United States Patent 3659104

A new and improved in vitro concept in measuring serum thyroxine (T-4) is sclosed which employs an alkaline crosslinked dextran gel (Sephadex) column to dissociate and separate the T-4 from the serum protein in a single operation. An isotope dilution technique combined with saturation analysis is used to estimate the T-4 content in serum.

Gross, Jack (Jerusalem, IL)
Gordon, Amirav (Jerusalem, IL)
Schick, Lloyd Alan (Elkhart, IN)
Application Number:
Publication Date:
Filing Date:
Primary Class:
Other Classes:
250/303, 250/304, 436/529, 436/545, 436/804, 436/825, 436/826
International Classes:
G01N33/487; G01N33/78; (IPC1-7): G21H5/02
Field of Search:
250/83R,83SA,16T 23
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Primary Examiner:
Lawrence, James W.
Assistant Examiner:
Willis, Davis L.
What is claimed is

1. A process for the in vitro determination of thyroxine in serum comprising:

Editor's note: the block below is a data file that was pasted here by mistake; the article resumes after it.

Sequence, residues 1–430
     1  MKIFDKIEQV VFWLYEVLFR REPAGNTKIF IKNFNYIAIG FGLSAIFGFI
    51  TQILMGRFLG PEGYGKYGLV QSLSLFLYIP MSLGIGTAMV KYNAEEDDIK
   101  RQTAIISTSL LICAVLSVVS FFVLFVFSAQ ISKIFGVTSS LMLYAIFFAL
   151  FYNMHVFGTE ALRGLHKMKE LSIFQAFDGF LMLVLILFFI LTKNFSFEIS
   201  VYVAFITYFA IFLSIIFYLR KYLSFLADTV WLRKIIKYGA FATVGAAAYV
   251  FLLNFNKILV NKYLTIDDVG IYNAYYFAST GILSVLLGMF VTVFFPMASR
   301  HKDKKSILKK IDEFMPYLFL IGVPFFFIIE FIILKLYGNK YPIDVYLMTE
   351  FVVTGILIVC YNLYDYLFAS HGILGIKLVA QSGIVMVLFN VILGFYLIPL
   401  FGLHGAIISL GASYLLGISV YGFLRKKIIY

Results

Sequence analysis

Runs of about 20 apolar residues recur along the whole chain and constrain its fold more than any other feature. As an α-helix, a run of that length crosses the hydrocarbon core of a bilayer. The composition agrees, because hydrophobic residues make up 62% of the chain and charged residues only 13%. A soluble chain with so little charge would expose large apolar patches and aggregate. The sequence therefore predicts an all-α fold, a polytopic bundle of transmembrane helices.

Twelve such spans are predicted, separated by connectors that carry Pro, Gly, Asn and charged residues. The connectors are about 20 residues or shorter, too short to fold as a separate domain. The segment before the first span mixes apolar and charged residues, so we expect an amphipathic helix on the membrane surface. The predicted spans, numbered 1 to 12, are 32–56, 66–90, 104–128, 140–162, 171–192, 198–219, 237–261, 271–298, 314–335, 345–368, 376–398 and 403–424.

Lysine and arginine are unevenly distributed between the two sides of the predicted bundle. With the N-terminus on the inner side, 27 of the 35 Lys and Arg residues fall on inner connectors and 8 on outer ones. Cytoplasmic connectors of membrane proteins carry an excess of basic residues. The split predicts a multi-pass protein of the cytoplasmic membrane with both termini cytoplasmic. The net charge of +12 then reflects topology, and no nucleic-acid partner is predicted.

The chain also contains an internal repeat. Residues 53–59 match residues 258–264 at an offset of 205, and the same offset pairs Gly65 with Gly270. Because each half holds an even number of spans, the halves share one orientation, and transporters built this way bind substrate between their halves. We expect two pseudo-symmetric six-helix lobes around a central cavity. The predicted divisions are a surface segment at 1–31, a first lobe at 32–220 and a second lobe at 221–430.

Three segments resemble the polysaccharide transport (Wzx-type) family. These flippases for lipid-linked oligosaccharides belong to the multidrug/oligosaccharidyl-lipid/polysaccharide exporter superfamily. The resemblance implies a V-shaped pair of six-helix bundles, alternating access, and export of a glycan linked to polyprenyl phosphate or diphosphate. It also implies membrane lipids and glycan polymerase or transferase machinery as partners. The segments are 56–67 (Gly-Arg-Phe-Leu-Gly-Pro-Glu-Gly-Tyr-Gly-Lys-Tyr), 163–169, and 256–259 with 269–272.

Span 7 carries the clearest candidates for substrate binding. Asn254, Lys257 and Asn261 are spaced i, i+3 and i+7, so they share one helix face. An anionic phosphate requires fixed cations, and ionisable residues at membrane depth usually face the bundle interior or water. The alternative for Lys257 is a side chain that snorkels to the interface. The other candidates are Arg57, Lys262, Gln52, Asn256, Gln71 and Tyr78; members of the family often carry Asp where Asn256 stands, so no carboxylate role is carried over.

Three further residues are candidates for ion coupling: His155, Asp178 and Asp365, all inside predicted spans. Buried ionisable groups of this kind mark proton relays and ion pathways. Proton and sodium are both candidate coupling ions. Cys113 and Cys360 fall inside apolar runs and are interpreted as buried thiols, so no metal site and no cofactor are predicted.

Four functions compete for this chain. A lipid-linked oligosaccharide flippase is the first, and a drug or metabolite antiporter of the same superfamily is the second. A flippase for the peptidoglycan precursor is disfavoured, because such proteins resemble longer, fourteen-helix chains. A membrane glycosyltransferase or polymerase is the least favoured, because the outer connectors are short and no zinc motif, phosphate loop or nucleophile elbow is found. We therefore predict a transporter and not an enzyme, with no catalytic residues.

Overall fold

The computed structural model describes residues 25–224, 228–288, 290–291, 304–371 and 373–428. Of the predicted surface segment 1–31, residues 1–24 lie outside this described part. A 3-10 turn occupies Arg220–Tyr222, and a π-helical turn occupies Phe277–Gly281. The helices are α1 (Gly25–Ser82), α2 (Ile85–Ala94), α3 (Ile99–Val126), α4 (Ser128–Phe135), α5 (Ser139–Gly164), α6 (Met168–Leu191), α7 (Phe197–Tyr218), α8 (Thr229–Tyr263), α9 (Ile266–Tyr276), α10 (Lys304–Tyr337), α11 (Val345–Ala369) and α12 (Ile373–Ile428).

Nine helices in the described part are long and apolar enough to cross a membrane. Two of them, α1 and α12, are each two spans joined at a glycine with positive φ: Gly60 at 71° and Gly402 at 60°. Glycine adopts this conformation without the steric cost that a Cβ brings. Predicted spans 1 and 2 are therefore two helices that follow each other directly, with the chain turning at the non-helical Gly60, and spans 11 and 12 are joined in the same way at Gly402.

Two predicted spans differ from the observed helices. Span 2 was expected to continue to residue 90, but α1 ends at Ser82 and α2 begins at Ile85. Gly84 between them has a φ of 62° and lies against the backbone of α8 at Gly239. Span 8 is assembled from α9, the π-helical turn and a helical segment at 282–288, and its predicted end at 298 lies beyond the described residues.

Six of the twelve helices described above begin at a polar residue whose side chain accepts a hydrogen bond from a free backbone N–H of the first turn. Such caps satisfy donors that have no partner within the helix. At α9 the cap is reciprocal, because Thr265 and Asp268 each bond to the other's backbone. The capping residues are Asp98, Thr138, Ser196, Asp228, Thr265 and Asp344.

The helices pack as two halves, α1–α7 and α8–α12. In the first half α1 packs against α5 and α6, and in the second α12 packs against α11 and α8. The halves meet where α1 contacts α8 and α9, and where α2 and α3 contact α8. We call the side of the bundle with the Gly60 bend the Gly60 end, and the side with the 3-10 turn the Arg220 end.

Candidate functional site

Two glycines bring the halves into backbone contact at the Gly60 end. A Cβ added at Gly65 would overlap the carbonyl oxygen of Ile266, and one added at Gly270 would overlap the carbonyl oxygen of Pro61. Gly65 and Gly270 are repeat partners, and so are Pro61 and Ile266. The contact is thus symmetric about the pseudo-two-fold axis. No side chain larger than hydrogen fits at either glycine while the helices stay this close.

2. A process as in claim 1 wherein the radioactivity of the gel column is determined before and after elution to determine the ratio of radioactive thyroxine retained by the column to that originally added.

3. A process as in claim 1 wherein the aqueous alkaline solution is buffered to a pH of about 8 to 10.

4. A process as in claim 3 wherein the aqueous alkaline solution is a barbital buffer having a pH of 8.6.

5. A process as in claim 1 wherein the pH of the column is maintained at about 11 to 13.

6. A process as in claim 1 wherein the eluting agent is serum.

7. A process as in claim 1 wherein the eluting agent is human α-globulin.